After The Flooding Rains, Weather Pattern Government Will Recess, But Will It Adjourn?

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NOAA's composite forecast for the jet stream for June 1-7 shows that it has flattened out and is situated unusually far to the north. Forecast courtesy of NOAA.

NOAA’s composite forecast for the jet stream for June 1-7 shows that it has flattened out and is situated unusually far to the north. Forecast courtesy of NOAA.

The weather pattern — we’ve named it ‘Government’ because it moves so slowly — that has plagued the plains, midwest , and southeast for several weeks with tornadoes, hail, flooding rain, and lightning, has reached a crescendo with historic flooding in Texas and Oklahoma.

Following more potential flooding today in Texas, Arkansas, Louisiana, and southern Missouri, Government’s effects will ease off later this week, followed by a period of respite.

Forecasts indicate that this might be just a recess, rather than a permanent adjournment.

As of Sunday, Oklahoma City had over 18 inches of rain in May, easily surpassing the record for May and the less than 15 inches that was the previous single-month record set in June of 1989. Observations go back to 1890.

Getting Through Memorial Day

The surface analysis for 9 p.m. CDT on Friday, May 22, shows a southeast flow from the Gulf of Mexico which provided the moisture for flooding rains in Texas and Oklahoma. Analysis courtesy of NOAA.

The surface analysis for 9 p.m. CDT on Friday, May 22, shows a southeast flow from the Gulf of Mexico which provided the moisture for flooding rains in Texas and Oklahoma. Analysis courtesy of NOAA.

Weather Pattern Government amended its agenda slightly over the weekend, producing flash floods as copious moisture from the Gulf of Mexico at low- and mid- levels of the atmosphere conspired with the lift associated with a curl in the jet stream.

With the rains moving east, Texas and Oklahoma could see some sunshine today. This would increase the risk of afternoon severe thunderstorms and the possibility of tornadoes.

What Is A Flash Flood And How Does It Happen?

Under normal weather conditions, water is well-behaved. The hydrologic cycle begins with evaporation from surfaces of land and water. The atmosphere can hold only a limited amount of water vapor, and when saturated air is lifted, the water vapor condenses and returns to the surface of the earth as precipitation. Most of the precipitation eventually drains back into the sea.

Natural and manmade drainage systems, rivers and storm drains, routinely hold all the water that falls.

If the rain is very heavy compared to the average, the drainage systems can be overwhelmed, and the water can end up in places where it is unwelcome, such as city streets and people’s houses.

The ground can absorb some precipitation, but when rain falls over a period of weeks, the ground becomes saturated and any additional rain runs off immediately.

That is what has happened in this flood event. In many parts of Texas and Oklahoma, the rains accumulated to levels never seen in May, and in some cases, never seen in any month.

The Danger Of Flash Floods

A car is easily swept away by water only a couple of feet deep. Photo courtesy of NOAA.

A car is easily swept away by water only a couple of feet deep. Photo courtesy of NOAA.

When water overflows a riverbank or overwhelms a storm drain, the water level can rise rapidly, often inundating roadways. About half of all flooding fatalities take place in motor vehicles. A car can be swept away by water only a couple of feet deep, because the vehicle is buoyant until it fills with water, which can take several minutes. Drivers routinely assume that gravity will keep the car anchored to the road, but that is not the case.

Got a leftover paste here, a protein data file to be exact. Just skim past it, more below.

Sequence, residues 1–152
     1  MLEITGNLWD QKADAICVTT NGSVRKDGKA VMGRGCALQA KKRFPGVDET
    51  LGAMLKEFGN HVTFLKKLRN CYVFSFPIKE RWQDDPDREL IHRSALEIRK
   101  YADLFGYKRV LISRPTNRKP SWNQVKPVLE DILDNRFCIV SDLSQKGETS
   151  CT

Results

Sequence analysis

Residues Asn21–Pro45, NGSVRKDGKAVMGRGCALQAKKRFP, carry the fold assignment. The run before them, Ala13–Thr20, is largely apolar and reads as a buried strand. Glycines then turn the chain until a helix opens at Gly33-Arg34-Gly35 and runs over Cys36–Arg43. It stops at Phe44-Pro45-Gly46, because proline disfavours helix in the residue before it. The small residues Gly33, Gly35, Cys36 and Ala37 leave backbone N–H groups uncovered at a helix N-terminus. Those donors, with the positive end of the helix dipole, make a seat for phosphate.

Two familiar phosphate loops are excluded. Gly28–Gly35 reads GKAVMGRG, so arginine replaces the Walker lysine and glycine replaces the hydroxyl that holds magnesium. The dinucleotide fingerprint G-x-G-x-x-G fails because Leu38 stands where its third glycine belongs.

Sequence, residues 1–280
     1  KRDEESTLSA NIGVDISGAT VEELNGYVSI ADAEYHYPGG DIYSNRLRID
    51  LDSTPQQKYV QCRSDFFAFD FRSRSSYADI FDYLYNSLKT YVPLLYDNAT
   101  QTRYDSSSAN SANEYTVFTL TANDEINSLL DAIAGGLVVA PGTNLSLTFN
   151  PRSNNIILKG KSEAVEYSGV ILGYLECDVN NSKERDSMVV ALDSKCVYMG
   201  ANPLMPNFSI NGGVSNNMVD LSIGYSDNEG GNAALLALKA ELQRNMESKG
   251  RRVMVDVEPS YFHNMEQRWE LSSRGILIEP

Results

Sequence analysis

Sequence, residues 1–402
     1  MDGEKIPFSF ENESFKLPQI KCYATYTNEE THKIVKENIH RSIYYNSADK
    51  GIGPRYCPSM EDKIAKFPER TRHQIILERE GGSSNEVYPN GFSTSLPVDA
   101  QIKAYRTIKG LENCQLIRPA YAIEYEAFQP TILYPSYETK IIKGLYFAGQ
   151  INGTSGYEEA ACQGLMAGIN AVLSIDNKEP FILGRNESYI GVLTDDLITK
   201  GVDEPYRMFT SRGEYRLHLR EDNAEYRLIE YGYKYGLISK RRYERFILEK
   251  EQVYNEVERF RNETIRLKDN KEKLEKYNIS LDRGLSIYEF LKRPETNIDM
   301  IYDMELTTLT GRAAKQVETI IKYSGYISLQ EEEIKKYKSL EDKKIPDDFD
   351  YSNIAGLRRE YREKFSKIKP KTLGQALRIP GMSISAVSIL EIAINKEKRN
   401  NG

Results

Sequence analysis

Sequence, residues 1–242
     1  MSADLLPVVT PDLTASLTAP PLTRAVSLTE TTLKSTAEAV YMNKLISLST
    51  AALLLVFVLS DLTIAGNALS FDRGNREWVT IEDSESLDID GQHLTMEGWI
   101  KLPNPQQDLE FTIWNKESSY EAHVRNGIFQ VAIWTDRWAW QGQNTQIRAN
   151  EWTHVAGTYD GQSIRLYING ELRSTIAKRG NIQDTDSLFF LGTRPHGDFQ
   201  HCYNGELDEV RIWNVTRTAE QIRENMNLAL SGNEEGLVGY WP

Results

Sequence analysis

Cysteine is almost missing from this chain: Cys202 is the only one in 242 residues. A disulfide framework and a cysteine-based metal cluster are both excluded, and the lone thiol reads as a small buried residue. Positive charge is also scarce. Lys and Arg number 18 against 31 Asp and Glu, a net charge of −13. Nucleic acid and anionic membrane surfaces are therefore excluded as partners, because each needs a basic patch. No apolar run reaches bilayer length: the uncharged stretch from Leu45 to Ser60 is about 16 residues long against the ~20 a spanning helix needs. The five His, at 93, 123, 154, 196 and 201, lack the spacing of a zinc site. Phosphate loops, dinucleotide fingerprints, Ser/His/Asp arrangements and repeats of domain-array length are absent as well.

The National Weather Service has the slogan “Turn around, don’t drown,” which refers to any occasion on which the depth of the water is unknown.

Where houses have been built in low-lying areas, water can rise to the rooftops in a matter of minutes. In the current flood event, many residents were saved by helicopter from the roofs of their houses.

Government’s Warm Side

What goes up must come down, and this is true of undulations in the jet stream. Weather Pattern Government is characterized by a deep trough (dip) in the western United States. The opposite phase of this wave is a ridge (bulge) in the east. Under this ridge, a heat wave is likely to occur. It is a modest one by midsummer standards, since the summer maximum of temperature is over a month away, but temperatures will reach 90 degrees in Washington on Tuesday, and continue to run ten to fifteen degrees above normal in the southeast and mid-Atlantic through the week.

The Jet Stream Pattern Flattens Out

By midweek, the jet stream trough will have weakened, the rains decreased, and generally things will have quieted down.

The flattening of the jet stream means less severe weather, though afternoon heating will still produce seasonal thunderstorms and the possibility of a tornado. The forecast position is farther north than usual, so to the south, the warm air will remain in place.

Is It Climate Change?

No single event will prove or disprove that the climate is changing. But an accumulation of anecdotal evidence leaves less doubt all the time.

This flooding in Texas occurs where there has been a drought for several years. One of the hallmarks of global warming/climate change appears to be persistent weather — what you see is what you get for a long time. Weather Patterns like Government — unchanging for weeks, months, or years — have been increasingly common in the 21st century.

A slow, steady change of climate is relatively easy to deal with. Lengthy bouts of extreme weather like the flooding in the plains this week: not so easy.

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